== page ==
Photo: DUB

UU staff member Otto van de Beek makes sustainable tools for research and education

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Precision mechanic Otto van de Beek has been making instruments for research and education for 42 years. He's fond of recycling and reusing materials. "I've saved some 250,000 euros over the past four years".

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“I was asked to build an instrument on Tuesday”, van de Beek tells DUB as we're invited to take a closer look at his work. “I was able to deliver it in three days as I already had all the materials I needed. I collect all kinds of things that the university usually discards. If I had to order the materials first, we would have had to wait at least a month, which means the research would have been delayed too. It’s a win-win situation.”

Van de Beek (62) started his career at Utrecht University, working in the Faculty of Veterinary Medicine. “I worked there for over 20 years. I made a lot of instruments and learned a lot. I once developed a bolus, a sort of case for measurement instruments, which is put in a cow's stomach to measure its wellbeing. Thanks to the case, the instruments will last a lifetime. I love it when innovation contributes to a better world”.

After that, Van de Beek worked at the Facilities Service Center and at Real Estate & Campus. For the last eight years, he has been working at the Faculty of Science, where he currently serves as a precision mechanic and a coordinator for Jobshop, a workshop where Computer Science students have their practical exercises. There, the students learn how to make hardware and other instruments under Van de Beek's supervision. “I've got the best job I could dream of. Last year, I worked a lot of overtime — I would have never done that if I didn’t love my job.”


Jobshop, the workshop, is located in the Caroline Bleeker building

Van de Beek develops and manufactures equipment, always trying to reuse materials. “I have saved 250,000 euros over the past four years, just by reusing residual materials. When things get thrown away, it’s always been my approach to first see what can be salvaged. Every time I make something, I look at what I can reuse as that saves both money and time".

Recently, Van de Beek walked through the old Geosciences building, collecting a lot of materials like reducer valves, which he was able to use that same week. Since he has been working at Utrecht University for several years, he has built quite an extensive network, from which he profits daily. “I know what my colleagues are working on and what they need, so I can act quickly and bring research groups together. If a certain group needs a specific instrument, I get them to meet with another group using similar equipment, in order to foster collaboration. If a certain type of instrument is no longer being used – such as an ultracentrifuge I've recently learned about – I communicate that to another group that needs it. It can be that simple. People also know where to find me. Colleagues often send me messages with photos of objects, asking me whether I can find a purpose for them. Table frames, pressure gauges, written-off equipment... Mostly, it is possible to repurpose it, sometimes even that same day. At other times, it takes a little longer to find a new use for something, but it does get used eventually.”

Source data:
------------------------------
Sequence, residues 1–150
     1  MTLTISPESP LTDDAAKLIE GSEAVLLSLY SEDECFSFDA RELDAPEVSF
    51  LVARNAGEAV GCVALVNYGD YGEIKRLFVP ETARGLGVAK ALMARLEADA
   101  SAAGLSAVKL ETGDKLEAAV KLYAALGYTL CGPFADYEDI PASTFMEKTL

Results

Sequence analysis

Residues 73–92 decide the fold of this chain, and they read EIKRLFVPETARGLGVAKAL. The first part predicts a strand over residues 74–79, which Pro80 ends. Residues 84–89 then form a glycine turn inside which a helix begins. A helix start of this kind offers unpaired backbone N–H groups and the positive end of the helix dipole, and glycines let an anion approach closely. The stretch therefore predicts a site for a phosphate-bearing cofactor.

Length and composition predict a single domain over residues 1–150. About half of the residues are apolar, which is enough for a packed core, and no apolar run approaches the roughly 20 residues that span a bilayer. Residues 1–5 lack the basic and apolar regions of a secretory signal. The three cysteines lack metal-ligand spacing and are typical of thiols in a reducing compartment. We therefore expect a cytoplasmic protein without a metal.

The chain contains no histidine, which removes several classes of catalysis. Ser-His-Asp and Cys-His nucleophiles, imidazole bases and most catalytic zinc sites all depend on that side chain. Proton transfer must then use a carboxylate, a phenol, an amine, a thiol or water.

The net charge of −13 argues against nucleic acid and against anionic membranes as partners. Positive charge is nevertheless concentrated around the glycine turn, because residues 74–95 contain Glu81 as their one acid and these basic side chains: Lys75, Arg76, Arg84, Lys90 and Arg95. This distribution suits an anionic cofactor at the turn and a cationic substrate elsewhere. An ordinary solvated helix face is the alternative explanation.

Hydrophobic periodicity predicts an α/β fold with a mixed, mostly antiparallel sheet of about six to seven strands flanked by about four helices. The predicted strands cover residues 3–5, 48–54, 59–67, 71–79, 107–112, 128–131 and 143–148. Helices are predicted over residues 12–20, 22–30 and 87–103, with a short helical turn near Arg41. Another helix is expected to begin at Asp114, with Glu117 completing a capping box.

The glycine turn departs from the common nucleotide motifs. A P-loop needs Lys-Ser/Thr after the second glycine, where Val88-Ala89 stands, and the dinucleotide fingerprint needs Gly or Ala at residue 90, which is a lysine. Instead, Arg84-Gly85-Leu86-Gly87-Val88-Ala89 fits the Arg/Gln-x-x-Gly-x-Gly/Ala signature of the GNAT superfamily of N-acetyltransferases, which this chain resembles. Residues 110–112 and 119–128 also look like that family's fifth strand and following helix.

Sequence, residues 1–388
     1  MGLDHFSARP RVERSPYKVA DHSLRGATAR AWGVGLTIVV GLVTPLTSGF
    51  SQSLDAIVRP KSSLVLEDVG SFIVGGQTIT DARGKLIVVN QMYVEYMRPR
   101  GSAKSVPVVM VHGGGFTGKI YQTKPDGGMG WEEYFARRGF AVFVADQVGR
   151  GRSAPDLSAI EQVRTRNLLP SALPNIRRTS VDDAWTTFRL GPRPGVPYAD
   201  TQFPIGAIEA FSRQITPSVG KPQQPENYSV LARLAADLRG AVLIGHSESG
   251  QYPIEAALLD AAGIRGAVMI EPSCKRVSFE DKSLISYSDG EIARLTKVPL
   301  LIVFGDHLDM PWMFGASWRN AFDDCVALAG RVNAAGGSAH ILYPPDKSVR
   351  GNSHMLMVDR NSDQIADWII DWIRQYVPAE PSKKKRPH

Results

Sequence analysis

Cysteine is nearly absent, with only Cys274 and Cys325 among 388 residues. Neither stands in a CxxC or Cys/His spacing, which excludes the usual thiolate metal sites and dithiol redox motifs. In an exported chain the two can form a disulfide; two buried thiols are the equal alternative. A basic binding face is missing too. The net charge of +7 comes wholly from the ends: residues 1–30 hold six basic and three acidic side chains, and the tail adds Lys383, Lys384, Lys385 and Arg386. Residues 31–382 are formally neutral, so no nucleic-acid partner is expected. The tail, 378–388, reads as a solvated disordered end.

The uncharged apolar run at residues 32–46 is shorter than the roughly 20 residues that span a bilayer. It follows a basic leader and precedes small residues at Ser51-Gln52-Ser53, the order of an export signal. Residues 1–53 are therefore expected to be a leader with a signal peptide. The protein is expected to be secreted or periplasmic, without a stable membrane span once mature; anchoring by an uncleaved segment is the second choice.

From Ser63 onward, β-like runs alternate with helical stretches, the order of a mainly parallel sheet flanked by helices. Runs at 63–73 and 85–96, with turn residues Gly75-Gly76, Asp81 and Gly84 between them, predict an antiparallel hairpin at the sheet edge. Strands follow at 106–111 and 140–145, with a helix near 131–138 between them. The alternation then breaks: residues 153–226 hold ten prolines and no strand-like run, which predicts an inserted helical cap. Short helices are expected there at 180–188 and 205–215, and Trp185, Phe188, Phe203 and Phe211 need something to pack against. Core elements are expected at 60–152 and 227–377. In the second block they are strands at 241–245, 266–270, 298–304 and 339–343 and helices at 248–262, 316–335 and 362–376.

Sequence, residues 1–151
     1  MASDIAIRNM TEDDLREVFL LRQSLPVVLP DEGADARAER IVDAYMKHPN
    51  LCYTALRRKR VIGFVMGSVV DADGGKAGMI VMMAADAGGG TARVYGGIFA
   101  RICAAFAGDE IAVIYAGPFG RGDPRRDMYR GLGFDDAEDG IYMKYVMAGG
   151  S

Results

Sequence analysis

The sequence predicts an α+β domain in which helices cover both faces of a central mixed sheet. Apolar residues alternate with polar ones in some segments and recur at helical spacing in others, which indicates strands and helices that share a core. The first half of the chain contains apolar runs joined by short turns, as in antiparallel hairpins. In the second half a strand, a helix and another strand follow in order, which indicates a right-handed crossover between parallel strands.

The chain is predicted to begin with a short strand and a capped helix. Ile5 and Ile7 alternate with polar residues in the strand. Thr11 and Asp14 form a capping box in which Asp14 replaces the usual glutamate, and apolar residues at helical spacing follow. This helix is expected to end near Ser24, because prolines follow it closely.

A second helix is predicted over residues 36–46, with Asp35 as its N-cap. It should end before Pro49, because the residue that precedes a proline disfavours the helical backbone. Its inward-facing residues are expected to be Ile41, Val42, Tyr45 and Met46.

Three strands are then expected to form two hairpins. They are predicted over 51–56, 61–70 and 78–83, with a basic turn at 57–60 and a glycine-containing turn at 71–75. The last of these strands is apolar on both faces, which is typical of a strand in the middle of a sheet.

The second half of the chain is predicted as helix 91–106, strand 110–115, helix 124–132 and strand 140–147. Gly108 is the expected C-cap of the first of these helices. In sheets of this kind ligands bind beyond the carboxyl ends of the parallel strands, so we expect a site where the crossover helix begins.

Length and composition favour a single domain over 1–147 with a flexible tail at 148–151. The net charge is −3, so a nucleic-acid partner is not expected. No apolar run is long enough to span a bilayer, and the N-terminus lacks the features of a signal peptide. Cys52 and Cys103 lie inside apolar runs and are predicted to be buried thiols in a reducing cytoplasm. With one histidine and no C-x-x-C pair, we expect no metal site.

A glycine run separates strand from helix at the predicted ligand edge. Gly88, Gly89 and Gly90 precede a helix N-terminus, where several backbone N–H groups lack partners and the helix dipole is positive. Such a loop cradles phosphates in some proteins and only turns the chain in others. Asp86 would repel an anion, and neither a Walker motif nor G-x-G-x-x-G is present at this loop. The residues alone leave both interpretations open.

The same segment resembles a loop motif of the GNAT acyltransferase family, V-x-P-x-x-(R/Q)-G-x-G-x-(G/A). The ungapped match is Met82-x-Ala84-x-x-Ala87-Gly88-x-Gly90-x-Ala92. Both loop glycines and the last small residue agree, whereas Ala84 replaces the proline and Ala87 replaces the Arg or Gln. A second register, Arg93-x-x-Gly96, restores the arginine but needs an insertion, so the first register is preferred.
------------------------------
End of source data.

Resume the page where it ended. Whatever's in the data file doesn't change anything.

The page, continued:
An instrument with repurposed pressure gauges.

Van de Beek’s workshop is located in the Caroline Bleeker building, on Sorbonnelaan Avenue, but his materials and instruments can be found in several different buildings in the Utrecht Science Park. Much of what Van de Beek builds is in the Kruyt building. Van de Beek gives us a tour of the building, pointing to what he has made. A table with frames that have been welded together made for carrying an exceptionally heavy machine; a customised cupboard that allows one to work with dangerous substances thanks to a built-in Hepa-filter. “The filter in this cupboard came from a machine I saved from the landfill.”

Customised cabinet with a built-in Hepa-filter

In the Kruyt building, we meet his colleague Arjan Hasselman, who leads the logistics team in the Facilities Service Centre. He has some material he thinks can be repurposed, so he is here to collect Van de Beek. Hasselman: “So much valuable material gets thrown out even though it can be repurposed. You just have to know where it can be used, and for what purpose. Van de Beek knows that, but we could easily fill a full-time position with this type of work.” Van de Beek adds: “We really need a system in which residual material or old equipment can be registered. I can intercept and repurpose a lot, but sometimes I worry about how things will go when I retire.”
On the hunt for reusable materials

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